FILE - Lexington Kentucky

The twilight sky is reflected in the skyline of Lexington Kentucky.

(The Center Square) – Government officials and representatives from the business community in Lexington, Kentucky are looking forward to receiving a 200-acre parcel of land from the University of Kentucky they say will help the state’s second-largest city compete for economic development projects.

Nearly four years ago, the city and the state’s flagship university reached a deal that would give the city 250 acres of land on the northern end of town in exchange for giving the school control of about 13 acres of roads in and around the campus.

The land is in two tracts at UK’s Coldstream Research Campus. Lexington has already received one 50-acre section, which is shovel-ready for development opportunities. The remaining 200 acres in the back part of the campus will be transferred to the city next year. The deal gives area economic development officials property they can market for business expansion and attraction projects.

More than 60 years ago, officials in Lexington and Fayette County established the urban services boundary, which works to preserve farmland in the outer stretches of the county while keeping development projects within the urban core.

While the pact is hailed by many as a strong example of responsible growth, it can also provide a challenge when trying to attract new businesses or help an existing one expand.

Gina Greathouse, the executive vice president for economic development for Commerce Lexington told The Center Square, there’s not much available land for light industry in the city. Commerce Lexington works with Lexington and surrounding communities to attract new businesses, help existing ones with expansion projects and foster entrepreneurial development.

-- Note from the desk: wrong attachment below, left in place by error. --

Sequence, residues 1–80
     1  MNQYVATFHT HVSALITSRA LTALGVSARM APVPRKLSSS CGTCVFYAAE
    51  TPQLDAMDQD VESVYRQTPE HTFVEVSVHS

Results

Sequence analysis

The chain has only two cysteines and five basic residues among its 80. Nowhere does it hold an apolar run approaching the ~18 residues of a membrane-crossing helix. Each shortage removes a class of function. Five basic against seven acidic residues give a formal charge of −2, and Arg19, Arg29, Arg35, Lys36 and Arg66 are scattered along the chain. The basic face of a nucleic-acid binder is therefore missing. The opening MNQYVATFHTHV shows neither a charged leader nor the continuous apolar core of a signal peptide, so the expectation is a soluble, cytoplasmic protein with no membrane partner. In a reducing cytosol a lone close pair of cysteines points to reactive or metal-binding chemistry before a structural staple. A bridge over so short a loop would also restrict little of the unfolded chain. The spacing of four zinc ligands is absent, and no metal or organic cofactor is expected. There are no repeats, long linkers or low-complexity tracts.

“There are some little pieces of I-1 (zoned) land, but it's scattered,” she said. “So, there's not one site truly where you could put a 25-acre high-tech manufacturing company right now that's properly zoned.”

That’s where the Coldstream property will help, she said.

The 200-acre site on the northern edge of the urban service boundary should yield about 135 developable acres once infrastructure, buffers and roads are in place. That’s what Erin Hathaway, a project manager for Gresham Smith, told Lexington Urban-County Council members last week during a Budget, Finance and Economic Development Committee meeting. Gresham Smith, an architectural and development planning firm, is working with city leaders to develop a master plan for the property.

The firm estimates the Coldstream Park would accommodate nearly 940,000 square feet of industrial space and almost 400,000 square feet of office space.

In a statement to The Center Square, Lexington Mayor Linda Gorton said thanks to UK’s help, the Coldstream property will address the city’s business growth needs in the near future.

“To give you an idea of the impact of a business park, let’s look back to the 100-acre Bluegrass Business Park, which the city and Commerce Lexington started back in the 90s,” the mayor said. “It is now fully developed. In 2019 the businesses in Bluegrass together produced $93.4 million in payroll and net profits tax revenue. That’s a huge contribution to Lexington’s quality of life and basic services.”

Greathouse said the park could attract computer and life sciences companies, but the city also is looking to lure more agri-tech companies as well.

Lexington officials expect to invest up to $17.9 million in preparing the property to be shovel-ready for companies.

According to the project timeline, the city should officially receive the land in about a year.